/// `<T as Bar<<?0 as Foo>::Assoc>::Assoc == ?0`. This equality can
    /// hold by either normalizing the outer or the inner associated type.
    in_alias: bool,

    /// See the field `has_unconstrained_ty_var` in `Generalization`.
    has_unconstrained_ty_var: bool,
}

impl<'tcx> Generalizer<'_, 'tcx> {
    /// Create an error that corresponds to the term kind in `root_term`
    fn cyclic_term_error(&self) -> TypeError<'tcx> {
        match self.root_term.unpack() {
            ty::TermKind::Ty(ty) => TypeError::CyclicTy(ty),
            ty::TermKind::Const(ct) => TypeError::CyclicConst(ct),
        }
    }

    /// An occurs check failure inside of an alias does not mean
    /// that the types definitely don't unify. We may be able
    /// to normalize the alias after all.
    ///
    /// We handle this by lazily equating the alias and generalizing
    /// it to an inference variable. In the new solver, we always
    /// generalize to an infer var unless the alias contains escaping
    /// bound variables.
    ///
    /// Correctly handling aliases with escaping bound variables is
    /// difficult and currently incomplete in two opposite ways:
    /// - if we get an occurs check failure in the alias, replace it with a new infer var.
    ///   This causes us to later emit an alias-relate goal and is incomplete in case the
    ///   alias normalizes to type containing one of the bound variables.
    /// - if the alias contains an inference variable not nameable by `for_universe`, we
    ///   continue generalizing the alias. This ends up pulling down the universe of the
    ///   inference variable and is incomplete in case the alias would normalize to a type
    ///   which does not mention that inference variable.
    fn generalize_alias_ty(
        &mut self,
        alias: ty::AliasTy<'tcx>,
    ) -> Result<Ty<'tcx>, TypeError<'tcx>> {
        // We do not eagerly replace aliases with inference variables if they have
        // escaping bound vars, see the method comment for details. However, when we
        // are inside of an alias with escaping bound vars replacing nested aliases
        // with inference variables can cause incorrect ambiguity.
        //
        // cc trait-system-refactor-initiative#110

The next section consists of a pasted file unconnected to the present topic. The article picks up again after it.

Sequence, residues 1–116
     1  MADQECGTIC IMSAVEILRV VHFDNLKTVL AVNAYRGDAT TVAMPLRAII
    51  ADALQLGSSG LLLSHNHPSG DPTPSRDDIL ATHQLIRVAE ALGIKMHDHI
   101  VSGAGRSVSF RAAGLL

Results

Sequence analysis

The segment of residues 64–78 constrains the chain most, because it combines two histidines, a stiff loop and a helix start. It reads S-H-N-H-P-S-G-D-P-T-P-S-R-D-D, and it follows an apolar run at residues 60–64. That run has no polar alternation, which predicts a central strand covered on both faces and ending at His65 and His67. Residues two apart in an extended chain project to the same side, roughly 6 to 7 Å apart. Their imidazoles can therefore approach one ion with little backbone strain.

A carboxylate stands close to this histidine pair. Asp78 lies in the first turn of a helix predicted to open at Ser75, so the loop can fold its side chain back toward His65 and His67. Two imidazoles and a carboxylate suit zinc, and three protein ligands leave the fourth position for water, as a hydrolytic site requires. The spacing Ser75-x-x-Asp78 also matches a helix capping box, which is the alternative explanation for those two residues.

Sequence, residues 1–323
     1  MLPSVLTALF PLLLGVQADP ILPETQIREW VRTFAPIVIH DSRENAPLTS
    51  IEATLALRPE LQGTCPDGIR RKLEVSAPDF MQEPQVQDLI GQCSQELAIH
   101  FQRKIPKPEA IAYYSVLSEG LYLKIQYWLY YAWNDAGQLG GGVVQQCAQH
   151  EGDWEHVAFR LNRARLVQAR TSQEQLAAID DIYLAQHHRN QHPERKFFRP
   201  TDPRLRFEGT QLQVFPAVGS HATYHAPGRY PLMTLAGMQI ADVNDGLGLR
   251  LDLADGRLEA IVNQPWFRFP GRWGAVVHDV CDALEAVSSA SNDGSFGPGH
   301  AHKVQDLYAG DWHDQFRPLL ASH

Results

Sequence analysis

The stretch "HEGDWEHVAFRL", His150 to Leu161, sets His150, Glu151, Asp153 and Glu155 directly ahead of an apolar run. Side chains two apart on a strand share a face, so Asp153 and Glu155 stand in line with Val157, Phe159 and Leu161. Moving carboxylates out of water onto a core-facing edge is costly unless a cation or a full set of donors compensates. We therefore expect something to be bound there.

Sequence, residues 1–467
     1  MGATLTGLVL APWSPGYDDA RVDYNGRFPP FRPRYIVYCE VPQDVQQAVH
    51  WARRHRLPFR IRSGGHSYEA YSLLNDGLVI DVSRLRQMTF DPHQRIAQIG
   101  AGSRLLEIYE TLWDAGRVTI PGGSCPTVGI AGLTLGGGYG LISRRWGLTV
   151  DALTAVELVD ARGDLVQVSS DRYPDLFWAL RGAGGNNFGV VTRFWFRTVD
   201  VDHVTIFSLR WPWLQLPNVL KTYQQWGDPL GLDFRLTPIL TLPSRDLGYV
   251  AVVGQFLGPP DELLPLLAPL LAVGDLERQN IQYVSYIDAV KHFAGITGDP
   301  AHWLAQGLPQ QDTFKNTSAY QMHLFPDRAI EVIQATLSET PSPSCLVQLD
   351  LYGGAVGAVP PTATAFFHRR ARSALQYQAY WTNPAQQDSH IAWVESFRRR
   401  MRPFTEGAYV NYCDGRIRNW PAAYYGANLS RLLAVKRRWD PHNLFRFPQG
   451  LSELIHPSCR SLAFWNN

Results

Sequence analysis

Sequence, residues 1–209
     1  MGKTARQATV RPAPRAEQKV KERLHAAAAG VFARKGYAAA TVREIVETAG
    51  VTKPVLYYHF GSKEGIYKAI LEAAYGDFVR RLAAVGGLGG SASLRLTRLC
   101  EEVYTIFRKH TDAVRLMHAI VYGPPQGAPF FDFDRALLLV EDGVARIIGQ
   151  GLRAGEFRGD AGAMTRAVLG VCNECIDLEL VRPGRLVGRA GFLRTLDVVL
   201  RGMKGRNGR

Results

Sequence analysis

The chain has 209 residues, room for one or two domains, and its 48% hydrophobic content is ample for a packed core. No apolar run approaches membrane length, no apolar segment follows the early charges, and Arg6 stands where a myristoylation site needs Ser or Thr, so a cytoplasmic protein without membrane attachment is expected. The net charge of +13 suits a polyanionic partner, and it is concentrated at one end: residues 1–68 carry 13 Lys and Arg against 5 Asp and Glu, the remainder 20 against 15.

if self.infcx.next_trait_solver() && !alias.has_escaping_bound_vars() && !self.in_alias {
            return Ok(self.infcx.next_ty_var_in_universe(self.span, self.for_universe));
        }

        let is_nested_alias = mem::replace(&mut self.in_alias, true);
        let result = match self.relate(alias, alias) {
            Ok(alias) => Ok(alias.to_ty(self.tcx())),
            Err(e) => {
                if is_nested_alias {
                    return Err(e);
                } else {
                    let mut visitor = MaxUniverse::new();
                    alias.visit_with(&mut visitor);
                    let infer_replacement_is_complete =
                        self.for_universe.can_name(visitor.max_universe())
                            && !alias.has_escaping_bound_vars();
                    if !infer_replacement_is_complete {
                        warn!("may incompletely handle alias type: {alias:?}");
                    }

                    debug!("generalization failure in alias");
                    Ok(self.infcx.next_ty_var_in_universe(self.span, self.for_universe))
                }
            }
        };
        self.in_alias = is_nested_alias;
        result
    }
}

impl<'tcx> TypeRelation<'tcx> for Generalizer<'_, 'tcx> {
    fn tcx(&self) -> TyCtxt<'tcx> {
        self.infcx.tcx
    }

    fn tag(&self) -> &'static str {
        "Generalizer"
    }

    fn relate_item_args(
        &mut self,
        item_def_id: DefId,
        a_arg: ty::GenericArgsRef<'tcx>,
        b_arg: ty::GenericArgsRef<'tcx>,
    ) -> RelateResult<'tcx, ty::GenericArgsRef<'tcx>> {
        if self.ambient_variance == ty::Variance::Invariant {
            // Avoid fetching the variance if we are in an invariant
            // context; no need, and it can induce dependency cycles
            // (e.g., #41849).
            relate::relate_args_invariantly(self, a_arg, b_arg)
        } else {
            let tcx = self.tcx();
            let opt_variances = tcx.variances_of(item_def_id);
            relate::relate_args_with_variances(
                self,
                item_def_id,
                opt_variances,
                a_arg,
                b_arg,
                false,
            )
        }
    }